Seminario 17/12: Seven Agir (METU, Ankara) – Corporate Law and Business Enterprise in Turkey, 1923-1950
- Ponente: Seven Agir
- Fecha: 11/May/2017 - 12:00 horas
- Lugar: Seminario del Departamento de Economía Aplicada. Facultad de Economía y Empresa (retransmitido en streaming).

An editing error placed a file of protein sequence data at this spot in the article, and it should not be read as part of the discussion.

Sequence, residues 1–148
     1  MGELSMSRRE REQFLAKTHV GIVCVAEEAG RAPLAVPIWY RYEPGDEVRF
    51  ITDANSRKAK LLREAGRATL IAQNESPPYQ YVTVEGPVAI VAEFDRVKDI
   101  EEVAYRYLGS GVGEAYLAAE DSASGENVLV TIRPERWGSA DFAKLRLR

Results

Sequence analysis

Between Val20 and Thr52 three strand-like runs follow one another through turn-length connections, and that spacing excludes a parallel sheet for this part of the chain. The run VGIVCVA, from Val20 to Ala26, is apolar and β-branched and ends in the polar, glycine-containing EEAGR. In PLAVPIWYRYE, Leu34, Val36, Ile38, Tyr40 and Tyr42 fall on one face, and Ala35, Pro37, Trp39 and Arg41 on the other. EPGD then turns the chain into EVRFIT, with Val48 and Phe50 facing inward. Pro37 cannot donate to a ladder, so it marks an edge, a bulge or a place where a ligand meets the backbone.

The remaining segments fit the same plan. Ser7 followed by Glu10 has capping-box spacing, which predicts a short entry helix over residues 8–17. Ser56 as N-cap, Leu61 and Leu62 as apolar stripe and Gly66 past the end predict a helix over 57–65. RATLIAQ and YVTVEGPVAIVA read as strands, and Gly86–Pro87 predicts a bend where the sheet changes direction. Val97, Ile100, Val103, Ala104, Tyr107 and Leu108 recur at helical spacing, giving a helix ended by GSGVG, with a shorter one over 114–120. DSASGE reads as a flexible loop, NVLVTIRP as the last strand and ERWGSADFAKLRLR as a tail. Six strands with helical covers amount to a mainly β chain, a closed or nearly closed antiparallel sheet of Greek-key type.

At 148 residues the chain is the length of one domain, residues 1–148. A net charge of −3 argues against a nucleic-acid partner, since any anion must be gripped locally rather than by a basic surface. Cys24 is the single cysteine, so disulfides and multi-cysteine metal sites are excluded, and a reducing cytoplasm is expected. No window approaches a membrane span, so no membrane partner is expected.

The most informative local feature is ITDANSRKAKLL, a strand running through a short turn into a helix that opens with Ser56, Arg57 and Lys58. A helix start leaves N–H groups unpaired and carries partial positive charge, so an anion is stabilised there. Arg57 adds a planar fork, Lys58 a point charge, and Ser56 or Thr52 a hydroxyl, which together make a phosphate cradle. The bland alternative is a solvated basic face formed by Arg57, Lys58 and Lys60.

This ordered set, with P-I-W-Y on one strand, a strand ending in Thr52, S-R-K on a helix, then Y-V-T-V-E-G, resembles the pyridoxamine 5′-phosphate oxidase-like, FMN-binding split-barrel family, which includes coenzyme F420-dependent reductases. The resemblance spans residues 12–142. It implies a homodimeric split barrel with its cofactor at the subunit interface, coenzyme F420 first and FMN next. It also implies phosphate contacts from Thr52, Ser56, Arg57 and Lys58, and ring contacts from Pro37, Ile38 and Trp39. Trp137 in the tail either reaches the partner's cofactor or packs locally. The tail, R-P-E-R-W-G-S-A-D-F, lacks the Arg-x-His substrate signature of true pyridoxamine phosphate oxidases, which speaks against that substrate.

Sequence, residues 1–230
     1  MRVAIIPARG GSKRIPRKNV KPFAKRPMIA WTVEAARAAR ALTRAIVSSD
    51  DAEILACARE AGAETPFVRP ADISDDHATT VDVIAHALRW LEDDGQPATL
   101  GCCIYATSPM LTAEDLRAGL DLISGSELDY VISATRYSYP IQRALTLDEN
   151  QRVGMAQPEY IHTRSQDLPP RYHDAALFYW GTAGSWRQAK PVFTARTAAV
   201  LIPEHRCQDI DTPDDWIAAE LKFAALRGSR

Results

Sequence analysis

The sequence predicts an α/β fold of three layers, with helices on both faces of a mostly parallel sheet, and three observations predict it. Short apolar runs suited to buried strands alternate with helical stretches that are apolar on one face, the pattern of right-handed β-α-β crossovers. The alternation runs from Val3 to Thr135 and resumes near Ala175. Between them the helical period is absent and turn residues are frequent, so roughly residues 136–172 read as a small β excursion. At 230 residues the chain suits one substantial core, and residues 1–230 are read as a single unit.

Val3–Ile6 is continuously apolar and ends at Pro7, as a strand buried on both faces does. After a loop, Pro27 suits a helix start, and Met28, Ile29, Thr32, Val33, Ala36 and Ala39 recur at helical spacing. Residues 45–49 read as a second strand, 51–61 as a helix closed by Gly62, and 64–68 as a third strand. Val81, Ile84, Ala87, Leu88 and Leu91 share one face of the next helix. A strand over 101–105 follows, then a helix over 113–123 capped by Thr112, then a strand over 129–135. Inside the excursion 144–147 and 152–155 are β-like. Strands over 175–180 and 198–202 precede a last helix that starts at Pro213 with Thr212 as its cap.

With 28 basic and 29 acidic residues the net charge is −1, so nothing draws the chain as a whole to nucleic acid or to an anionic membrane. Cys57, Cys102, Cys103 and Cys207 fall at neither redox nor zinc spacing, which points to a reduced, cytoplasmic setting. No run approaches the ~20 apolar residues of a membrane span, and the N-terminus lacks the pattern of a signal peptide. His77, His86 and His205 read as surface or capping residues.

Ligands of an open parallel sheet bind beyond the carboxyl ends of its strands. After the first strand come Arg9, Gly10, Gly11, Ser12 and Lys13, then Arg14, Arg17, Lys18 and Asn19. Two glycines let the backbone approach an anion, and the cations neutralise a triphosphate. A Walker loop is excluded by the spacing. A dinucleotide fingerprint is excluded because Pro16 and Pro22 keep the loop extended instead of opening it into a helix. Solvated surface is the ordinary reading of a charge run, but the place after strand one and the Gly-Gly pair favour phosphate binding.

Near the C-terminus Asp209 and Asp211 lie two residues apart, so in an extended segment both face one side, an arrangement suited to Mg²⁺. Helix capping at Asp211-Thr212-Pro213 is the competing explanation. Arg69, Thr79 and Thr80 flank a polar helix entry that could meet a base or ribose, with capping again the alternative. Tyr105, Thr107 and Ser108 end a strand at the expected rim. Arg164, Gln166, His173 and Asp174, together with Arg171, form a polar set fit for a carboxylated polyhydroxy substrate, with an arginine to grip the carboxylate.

What are the implications of legal rules for growth and business expansion? This question has been at the center of the rich literature that explores the link between legal institutions and economic performance. While the scholarship has provided insights on the differential experience of countries which developed their own legal systems and those that transplanted law from abroad, the Middle East remains unexplored. This study examines the evolution of corporate law in the late Ottoman Empire and early Turkish Republic, drawing implications for the broader debate on the impact of transplanting legal rules. We use statutes of Ottoman and Turkish company law and construct a novel dataset of firms by enterprise forms to explore how legal rules changed over time in this region. We show that the adoption of legal rules depended on the underlying political economy and other complementary institutions. There were important differences between the transplant (Turkey) and the origin countries (France and Germany) in terms of business organization. We also show that the political economy framework within which the law evolved contained discriminatory practices (i.e., certain extraordinary taxes) that undermined non-Muslim firms more vis-a-vis Muslim firms, and thus finalising the nationalization of the economy.